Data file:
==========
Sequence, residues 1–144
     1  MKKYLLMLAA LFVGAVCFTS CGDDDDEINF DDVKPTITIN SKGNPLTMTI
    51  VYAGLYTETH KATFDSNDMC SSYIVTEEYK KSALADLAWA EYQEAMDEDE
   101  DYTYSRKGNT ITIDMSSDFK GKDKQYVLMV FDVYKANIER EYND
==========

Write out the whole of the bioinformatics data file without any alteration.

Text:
Sequence, residues 1–144
     1  MKKYLLMLAA LFVGAVCFTS CGDDDDEINF DDVKPTITIN SKGNPLTMTI
    51  VYAGLYTETH KATFDSNDMC SSYIVTEEYK KSALADLAWA EYQEAMDEDE
   101  DYTYSRKGNT ITIDMSSDFK GKDKQYVLMV FDVYKANIER EYND